Ineffective Habits In Relationships

badhabit

I think most everyone has heard of Stephen Covey’s “Seven Habits Of Highly Effective People” – a huge bestseller, especially in the business world. In the preface of a more current book “Principle Centered Leadership”, he notes his brother John’s (a master teacher) list of seven habits of highly ineffective people. Although the list is generally intended to be applied to business situations, I thought they were worth mentioning and commenting on in the context of relationships.

If you do any of the following you are at risk.

  1. Be reactive: doubt yourself and blame others.

Reactivity is a killer in relationships. It makes couples angry or afraid, leading to defensiveness and distancing. Emotions under control lead to understanding and empathy. I love this little video clip.

      2.  Work without any clear end in mind.

So many relationships go nowhere for years. I hear all the time of people dating for five, six or seven years with no clear idea if they are right for each other and should get married or break it off. They may get married eventually as a default rather than a choice, or get back into the dating pool at an age when it is more difficult to connect.

  1. Do the urgent thing first.
This habit usually leads to relationship neglect. When I have my priorities out of whack I will probably sacrifice my closest relationships first, expecting them to understand. The goal here is to discern urgent from important. Many things are urgent but not important. I must give priority to the important things in life.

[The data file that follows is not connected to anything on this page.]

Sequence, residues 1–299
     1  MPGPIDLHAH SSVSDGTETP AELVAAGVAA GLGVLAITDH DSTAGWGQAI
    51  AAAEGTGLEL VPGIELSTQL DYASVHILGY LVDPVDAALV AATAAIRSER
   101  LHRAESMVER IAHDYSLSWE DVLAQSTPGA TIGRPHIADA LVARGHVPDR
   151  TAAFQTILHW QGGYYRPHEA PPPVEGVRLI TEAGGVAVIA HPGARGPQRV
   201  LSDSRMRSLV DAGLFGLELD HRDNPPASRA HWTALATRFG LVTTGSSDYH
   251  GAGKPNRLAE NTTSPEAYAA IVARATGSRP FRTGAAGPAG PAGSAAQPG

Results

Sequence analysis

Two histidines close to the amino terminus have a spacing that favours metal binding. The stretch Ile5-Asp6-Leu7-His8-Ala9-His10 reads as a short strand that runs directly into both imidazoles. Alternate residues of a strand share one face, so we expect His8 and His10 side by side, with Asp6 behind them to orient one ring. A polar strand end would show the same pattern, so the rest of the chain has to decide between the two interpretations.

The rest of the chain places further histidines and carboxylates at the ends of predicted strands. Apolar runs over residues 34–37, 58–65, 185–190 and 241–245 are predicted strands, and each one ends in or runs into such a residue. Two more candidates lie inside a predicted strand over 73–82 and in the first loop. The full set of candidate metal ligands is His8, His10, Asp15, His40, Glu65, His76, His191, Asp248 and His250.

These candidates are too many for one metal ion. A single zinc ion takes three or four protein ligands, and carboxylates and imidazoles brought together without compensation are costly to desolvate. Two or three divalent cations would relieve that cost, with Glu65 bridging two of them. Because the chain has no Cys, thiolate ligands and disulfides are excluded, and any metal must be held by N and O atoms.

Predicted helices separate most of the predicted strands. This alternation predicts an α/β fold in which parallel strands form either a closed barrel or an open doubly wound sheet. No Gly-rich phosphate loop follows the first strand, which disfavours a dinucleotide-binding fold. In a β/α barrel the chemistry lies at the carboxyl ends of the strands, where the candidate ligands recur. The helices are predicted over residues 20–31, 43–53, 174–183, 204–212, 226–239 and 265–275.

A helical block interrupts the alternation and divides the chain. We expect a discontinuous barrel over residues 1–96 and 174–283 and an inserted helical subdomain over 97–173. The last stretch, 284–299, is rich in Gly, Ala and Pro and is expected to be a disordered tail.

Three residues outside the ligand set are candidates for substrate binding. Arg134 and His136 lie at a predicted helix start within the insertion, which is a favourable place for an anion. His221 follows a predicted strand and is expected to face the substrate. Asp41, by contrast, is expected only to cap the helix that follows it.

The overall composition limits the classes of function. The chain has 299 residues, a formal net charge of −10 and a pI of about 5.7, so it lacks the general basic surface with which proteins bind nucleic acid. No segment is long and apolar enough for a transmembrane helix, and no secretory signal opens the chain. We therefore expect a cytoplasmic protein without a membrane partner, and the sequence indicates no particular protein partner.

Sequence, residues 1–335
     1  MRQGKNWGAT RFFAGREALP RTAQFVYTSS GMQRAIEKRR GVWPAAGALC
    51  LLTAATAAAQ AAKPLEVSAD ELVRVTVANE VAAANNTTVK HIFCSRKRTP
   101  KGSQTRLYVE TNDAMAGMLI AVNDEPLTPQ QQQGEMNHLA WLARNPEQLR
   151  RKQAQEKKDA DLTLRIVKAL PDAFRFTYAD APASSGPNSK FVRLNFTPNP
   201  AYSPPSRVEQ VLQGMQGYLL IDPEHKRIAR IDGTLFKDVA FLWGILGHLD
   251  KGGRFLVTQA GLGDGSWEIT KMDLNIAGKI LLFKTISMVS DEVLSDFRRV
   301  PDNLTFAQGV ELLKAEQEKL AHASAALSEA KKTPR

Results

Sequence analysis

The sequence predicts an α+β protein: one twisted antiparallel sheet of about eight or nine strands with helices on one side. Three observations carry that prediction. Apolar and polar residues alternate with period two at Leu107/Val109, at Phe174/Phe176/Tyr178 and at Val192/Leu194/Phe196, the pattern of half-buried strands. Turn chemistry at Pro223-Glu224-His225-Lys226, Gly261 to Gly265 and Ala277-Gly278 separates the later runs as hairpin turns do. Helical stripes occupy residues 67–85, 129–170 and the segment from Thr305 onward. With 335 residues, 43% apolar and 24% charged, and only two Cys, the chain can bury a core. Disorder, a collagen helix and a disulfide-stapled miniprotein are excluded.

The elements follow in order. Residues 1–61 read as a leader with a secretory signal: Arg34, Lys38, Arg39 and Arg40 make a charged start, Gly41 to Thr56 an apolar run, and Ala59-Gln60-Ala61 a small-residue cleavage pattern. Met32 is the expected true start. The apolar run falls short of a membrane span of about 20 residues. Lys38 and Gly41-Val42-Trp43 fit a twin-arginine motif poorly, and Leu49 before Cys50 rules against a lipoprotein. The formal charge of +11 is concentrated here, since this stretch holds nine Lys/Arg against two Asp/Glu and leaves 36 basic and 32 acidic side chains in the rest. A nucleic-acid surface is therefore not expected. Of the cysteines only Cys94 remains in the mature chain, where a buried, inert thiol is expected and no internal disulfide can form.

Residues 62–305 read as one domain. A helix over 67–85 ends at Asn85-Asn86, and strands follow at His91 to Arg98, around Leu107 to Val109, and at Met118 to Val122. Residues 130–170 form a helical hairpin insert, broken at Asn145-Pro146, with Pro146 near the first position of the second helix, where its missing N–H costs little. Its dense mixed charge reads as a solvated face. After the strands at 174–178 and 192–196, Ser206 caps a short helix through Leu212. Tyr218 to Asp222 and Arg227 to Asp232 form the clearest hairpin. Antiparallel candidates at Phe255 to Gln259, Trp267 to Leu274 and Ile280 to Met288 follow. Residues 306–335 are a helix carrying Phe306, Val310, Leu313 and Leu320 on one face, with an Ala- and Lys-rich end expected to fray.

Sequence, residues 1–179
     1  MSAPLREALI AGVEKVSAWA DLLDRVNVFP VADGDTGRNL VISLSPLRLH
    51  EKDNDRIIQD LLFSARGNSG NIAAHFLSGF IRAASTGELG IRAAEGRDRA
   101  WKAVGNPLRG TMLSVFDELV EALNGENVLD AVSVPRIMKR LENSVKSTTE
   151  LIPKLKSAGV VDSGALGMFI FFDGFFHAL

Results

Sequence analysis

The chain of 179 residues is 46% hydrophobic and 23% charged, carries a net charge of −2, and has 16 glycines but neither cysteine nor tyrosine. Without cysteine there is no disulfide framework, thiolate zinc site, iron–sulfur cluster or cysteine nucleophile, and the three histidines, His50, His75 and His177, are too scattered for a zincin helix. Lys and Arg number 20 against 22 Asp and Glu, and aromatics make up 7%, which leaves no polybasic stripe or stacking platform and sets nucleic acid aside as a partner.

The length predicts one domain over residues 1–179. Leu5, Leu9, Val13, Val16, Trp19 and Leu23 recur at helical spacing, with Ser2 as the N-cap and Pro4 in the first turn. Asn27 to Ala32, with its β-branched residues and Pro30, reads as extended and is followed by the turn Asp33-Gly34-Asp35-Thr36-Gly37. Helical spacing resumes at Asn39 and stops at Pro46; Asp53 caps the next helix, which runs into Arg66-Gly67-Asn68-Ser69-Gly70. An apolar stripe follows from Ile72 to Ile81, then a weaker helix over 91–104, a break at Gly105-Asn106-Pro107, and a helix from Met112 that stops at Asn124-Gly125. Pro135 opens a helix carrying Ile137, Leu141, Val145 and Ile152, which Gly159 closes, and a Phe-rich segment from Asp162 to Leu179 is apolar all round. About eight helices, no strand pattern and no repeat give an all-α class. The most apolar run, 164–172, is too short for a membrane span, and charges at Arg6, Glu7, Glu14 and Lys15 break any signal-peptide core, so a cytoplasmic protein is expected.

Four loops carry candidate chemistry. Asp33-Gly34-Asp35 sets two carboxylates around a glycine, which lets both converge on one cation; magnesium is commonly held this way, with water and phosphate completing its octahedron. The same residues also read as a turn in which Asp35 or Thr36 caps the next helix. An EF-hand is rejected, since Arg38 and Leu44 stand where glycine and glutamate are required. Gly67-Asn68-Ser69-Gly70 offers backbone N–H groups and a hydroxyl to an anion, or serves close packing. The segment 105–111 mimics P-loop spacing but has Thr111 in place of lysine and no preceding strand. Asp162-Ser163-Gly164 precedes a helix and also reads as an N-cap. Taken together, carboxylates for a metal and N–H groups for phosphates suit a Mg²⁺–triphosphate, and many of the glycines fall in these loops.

1. Think win/lose.
If this is my habit, I will eventually alienate the one I love. I will find myself winning skirmishes and losing intimacy in the relationship. Instead I must develop the habit of thinking “If we as a couple win, I win.”
  1. Seek first to be understood.

If this is my goal I will probably wonder why my mate is tuning me out. I am more interested in a monologue than I am in a dialogue. It is said that God gave us two ears but only one mouth for a reason.

6.  If you can’t win, compromise (your integrity).

Compromise is the only good solution in relationships unless it is your integrity, your values, or your good character qualities that are on the line. Then you will certainly lose what is most important. However we must be very careful that we do not operate in a self-righteous way when defending these aspects.

7.  Fear change and put off improvement.

Most growth is difficult and often anxiety-producing. What if I change, but my mate does not? Will my position become weaker in this relationship? A better question is what are the risks of not changing when necessary. What would God want from me in this area? Change is inevitable. It becomes our friend when we embrace it and our enemy when we resist it.

I’m sure that we could come up with a much bigger list if we thought about it, but I think this is a great beginning. Which ones seem hardest for you to accept? Which ones do you want to work on?

Leave a Reply